Millions of ghost tenants are secretly living in private rented homes, according to letting agents.
Half of letting agents say they have found extra tenants living in homes when they have called round for inspections.
Landlord insurers Direct Line reckon around 3.3 million ghost tenants are flitting about buy to let homes and shared houses in multiple occupation.
Three-quarters confess they have lived in the properties for six months or more.
Many are partners who become live-in lovers who decide sharing is cheaper than running two homes or friends who have nowhere else to stay.
Unfortunately, landlords and letting agents often do not realise that adults living in the home who are not listed on the tenancy agreement can cause all sorts of legal problems.
Direct Line explains ghost tenants will void any landlord insurance policy – and probably the buildings cover as well.
On top of that, the number of tenants could change the legal status of the property from a buy to let to HMO, which requires mandatory licensing if the home has three floors. Some councils also licence small HMOs with three to five tenants.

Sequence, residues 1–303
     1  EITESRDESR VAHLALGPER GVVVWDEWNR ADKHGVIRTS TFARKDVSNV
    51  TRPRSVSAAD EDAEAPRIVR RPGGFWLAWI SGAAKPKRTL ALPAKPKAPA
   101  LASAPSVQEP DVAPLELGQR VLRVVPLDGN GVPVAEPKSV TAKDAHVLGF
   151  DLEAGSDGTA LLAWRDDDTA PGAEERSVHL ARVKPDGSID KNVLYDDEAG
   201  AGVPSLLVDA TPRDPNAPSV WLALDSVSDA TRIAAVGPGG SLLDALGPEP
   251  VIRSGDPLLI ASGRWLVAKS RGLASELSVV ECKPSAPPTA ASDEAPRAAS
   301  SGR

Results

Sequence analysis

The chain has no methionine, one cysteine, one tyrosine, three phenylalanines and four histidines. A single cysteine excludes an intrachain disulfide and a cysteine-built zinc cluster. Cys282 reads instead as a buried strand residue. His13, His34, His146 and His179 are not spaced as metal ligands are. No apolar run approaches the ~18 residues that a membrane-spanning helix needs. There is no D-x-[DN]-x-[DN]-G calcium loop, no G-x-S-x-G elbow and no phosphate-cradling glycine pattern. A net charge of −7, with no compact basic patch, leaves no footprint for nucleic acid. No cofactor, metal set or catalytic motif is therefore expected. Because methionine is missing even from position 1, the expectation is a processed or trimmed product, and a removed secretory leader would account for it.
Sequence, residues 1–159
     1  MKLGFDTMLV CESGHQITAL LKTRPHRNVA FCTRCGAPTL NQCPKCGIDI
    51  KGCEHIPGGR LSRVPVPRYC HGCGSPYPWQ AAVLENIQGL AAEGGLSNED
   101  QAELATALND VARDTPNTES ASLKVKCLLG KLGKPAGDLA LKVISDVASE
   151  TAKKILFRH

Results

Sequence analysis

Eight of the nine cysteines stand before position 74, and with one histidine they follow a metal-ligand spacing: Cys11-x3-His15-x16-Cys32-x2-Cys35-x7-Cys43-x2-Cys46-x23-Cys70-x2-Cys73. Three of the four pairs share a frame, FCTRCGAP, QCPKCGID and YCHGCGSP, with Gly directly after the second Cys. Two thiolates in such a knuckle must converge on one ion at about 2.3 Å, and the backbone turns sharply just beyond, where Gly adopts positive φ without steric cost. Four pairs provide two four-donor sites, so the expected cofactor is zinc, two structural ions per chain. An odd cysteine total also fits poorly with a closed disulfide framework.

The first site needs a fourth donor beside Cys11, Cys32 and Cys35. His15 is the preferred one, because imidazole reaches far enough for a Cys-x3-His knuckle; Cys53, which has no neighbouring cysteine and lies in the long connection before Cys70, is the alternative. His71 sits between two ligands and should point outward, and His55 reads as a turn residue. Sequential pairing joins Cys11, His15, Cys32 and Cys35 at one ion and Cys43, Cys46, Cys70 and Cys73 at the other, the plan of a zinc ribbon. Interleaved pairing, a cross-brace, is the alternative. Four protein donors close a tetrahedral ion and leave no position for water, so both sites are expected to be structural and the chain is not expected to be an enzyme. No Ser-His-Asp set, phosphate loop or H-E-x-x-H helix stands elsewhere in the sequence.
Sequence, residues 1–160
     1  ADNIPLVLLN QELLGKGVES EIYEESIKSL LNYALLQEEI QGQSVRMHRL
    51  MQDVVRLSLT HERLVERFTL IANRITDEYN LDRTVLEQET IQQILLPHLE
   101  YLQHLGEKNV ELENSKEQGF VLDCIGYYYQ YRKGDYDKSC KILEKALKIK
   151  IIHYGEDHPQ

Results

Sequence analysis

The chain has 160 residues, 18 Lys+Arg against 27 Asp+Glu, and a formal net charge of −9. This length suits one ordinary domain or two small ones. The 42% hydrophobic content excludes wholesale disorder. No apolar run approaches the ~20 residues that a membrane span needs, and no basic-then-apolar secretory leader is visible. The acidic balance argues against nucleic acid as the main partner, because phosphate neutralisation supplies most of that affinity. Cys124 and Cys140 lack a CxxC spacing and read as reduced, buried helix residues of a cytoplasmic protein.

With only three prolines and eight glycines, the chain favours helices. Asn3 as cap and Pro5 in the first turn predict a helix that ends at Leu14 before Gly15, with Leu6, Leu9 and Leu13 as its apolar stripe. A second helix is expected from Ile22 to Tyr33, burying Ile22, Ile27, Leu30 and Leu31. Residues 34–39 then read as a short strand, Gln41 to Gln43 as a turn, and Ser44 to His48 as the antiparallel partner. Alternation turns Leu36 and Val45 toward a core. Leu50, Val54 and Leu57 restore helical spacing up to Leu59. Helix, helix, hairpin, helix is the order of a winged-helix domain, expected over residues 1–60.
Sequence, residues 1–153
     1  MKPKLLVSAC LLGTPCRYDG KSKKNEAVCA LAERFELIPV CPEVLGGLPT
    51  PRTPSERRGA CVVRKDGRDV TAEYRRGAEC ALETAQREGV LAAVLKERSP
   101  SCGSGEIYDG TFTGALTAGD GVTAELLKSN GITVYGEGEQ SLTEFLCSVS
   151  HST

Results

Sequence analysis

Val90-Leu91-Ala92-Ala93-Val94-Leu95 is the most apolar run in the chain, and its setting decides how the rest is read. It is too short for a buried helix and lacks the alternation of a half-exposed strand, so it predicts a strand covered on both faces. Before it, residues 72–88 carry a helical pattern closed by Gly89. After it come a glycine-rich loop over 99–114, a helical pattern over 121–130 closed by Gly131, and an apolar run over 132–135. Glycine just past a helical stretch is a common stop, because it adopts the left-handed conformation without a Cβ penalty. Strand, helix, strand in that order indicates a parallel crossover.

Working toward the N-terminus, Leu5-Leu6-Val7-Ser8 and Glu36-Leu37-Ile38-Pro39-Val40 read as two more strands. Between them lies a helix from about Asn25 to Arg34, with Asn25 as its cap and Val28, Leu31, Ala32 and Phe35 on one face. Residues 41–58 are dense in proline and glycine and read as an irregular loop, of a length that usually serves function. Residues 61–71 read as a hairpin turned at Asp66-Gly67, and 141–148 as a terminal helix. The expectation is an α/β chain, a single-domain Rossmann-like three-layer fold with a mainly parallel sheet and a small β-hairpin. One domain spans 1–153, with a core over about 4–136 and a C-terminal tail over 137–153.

Direct Line says one two bedroomed house in Reading had several families living there – but only one person was named on the tenancy agreement.
Jane Guaschi, of Direct Line, said: “Lettings agents have seen significant damage from people crammed into a home who are not listed on the lease. In one property we heard of, shelving had been removed from a cupboard under the stairs to create a makeshift bedroom.”
The research also revealed most landlords do not change locks on properties between tenancies, even if the keys have not been returned.
Just over 70% of letting agents confirmed 90% of landlords did not change locks between tenancies, despite the risk to security at the home.
The insurer advises landlords to write a ‘no sub-letting’ clause into tenancy agreements and to regularly check who is living at the property.